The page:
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Entrepreneurs should be wary of the new tax shelter- reporting requirements lurking in the American Jobs Creation Act of 2004. Proliferation of abusive shelters led Congress to strengthen the law by imposing stiff penalties for taxpayers who fail to follow the rules or who incorrectly report shelter activities.
Under the new rules, taxpayers must file an annual informational return (IRS Form 8886), which discloses each reportable transaction or tax shelter they are involved in. The form must be attached to your annual income tax return, and a copy must be filed with the Office of Tax Shelter Analysis in the first year you invest.
The IRS requires this information on several types of shelter transactions, including: confidential transactions, in which the creator of a tax strategy requires its client to keep the strategy secret; transactions involving a brief asset-holding period in which the taxpayer claims a tax credit over $250,000, and the asset generating the credit is held for 45 days or less; or listed transactions, which are those the IRS has already publicly identified as being abusive (for example, avoiding tax on S-corporation income by having almost all shares owned by a charity, while most of the corporation's economic value is held by individuals). Any federal tax avoidance using listed transactions is generally not allowed, according to the IRS.
Before the act, no penalties existed for taxpayers failing to report tax shelters. But now the IRS has information about investors who are putting money into these deals and the advisors who offer them, says tax attorney Jonathan B. Dubitzky with Sullivan & Worcester LLP in Boston.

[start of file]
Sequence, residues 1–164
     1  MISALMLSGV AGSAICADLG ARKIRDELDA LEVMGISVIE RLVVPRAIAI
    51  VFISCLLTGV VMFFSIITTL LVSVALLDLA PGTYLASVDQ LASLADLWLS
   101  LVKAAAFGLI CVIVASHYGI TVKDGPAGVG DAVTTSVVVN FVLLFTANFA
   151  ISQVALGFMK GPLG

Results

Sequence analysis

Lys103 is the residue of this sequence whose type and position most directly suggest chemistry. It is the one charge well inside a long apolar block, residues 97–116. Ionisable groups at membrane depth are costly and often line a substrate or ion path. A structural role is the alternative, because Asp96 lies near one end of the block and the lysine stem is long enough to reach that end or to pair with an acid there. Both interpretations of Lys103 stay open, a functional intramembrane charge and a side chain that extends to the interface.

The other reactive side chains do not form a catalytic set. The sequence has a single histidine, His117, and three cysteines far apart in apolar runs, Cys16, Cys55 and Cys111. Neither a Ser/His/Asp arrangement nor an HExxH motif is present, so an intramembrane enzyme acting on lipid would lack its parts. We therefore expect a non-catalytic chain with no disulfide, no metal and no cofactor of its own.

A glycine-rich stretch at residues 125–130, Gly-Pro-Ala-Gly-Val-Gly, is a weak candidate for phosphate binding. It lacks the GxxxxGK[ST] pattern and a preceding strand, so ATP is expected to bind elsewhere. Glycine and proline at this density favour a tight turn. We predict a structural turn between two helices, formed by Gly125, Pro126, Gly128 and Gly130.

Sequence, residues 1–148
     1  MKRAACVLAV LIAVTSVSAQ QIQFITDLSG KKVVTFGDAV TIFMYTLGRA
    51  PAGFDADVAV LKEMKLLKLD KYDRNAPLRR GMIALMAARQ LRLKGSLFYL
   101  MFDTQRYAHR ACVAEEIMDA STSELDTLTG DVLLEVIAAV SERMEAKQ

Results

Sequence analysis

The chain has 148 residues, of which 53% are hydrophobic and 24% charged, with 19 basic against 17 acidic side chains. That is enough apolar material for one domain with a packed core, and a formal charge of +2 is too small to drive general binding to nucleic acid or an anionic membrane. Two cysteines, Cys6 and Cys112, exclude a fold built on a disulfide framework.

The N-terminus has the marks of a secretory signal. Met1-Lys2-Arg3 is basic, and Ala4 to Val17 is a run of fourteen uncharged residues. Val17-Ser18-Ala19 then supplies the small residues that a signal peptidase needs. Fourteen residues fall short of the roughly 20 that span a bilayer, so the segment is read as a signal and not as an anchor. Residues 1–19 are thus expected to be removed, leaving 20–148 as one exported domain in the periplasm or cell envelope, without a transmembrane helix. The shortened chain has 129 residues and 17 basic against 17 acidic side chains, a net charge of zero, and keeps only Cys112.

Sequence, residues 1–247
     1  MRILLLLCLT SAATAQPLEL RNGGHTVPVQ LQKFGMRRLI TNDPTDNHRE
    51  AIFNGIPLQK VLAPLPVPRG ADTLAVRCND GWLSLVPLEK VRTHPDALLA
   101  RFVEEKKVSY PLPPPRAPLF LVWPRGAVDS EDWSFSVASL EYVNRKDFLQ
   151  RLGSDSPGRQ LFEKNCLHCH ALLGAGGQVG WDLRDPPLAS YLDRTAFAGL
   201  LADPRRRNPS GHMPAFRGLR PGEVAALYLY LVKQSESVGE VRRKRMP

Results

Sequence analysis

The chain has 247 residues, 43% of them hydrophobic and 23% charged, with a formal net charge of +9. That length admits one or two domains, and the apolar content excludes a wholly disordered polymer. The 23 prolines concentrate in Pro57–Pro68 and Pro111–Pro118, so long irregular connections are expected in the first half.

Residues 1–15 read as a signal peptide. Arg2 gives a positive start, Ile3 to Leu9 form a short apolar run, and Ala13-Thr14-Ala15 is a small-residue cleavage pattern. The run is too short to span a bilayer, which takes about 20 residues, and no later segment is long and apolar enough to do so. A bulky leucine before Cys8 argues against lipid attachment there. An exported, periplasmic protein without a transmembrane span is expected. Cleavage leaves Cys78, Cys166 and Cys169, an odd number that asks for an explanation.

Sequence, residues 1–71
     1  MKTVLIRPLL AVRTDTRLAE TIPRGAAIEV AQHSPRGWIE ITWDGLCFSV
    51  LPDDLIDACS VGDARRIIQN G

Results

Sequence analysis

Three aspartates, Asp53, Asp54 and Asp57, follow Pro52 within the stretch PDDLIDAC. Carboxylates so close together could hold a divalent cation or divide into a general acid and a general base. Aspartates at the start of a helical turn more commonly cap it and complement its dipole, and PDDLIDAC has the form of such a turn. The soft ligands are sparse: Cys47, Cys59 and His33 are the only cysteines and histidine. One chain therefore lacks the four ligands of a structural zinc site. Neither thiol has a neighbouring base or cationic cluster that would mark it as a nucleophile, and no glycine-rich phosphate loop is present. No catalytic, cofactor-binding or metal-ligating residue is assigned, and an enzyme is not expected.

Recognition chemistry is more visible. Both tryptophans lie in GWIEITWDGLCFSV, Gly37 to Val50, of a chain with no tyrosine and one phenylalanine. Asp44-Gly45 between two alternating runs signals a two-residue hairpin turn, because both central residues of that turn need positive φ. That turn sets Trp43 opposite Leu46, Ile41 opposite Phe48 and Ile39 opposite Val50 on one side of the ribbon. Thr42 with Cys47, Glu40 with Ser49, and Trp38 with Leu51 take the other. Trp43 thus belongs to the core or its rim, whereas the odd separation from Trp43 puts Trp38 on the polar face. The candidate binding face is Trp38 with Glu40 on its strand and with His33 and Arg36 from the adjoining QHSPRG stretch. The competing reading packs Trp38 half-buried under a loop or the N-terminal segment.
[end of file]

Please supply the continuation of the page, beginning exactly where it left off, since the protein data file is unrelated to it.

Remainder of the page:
The penalties for not complying with the new rules are stiff. The IRS imposes a $10,000 fine for each reportable transaction a taxpayer fails to disclose. The fine for failing to disclose a listed transaction can be as much as $100,000. Investors who understate taxes as a result of investing in a shelter can be hit with additional penalties. The penalties are effective for reportable transactions filed after October 22, 2004.
The reporting rules are so tough that many investors will probably avoid shelters in the future, says Dubitzky. But if you're still interested in tax-avoidance transactions, the IRS recommends you hire a qualified tax professional to direct you. This is one area where you don't want to go it alone.
Great Falls, Virginia, writer Joan Szabo has reported on tax issues for 18 years.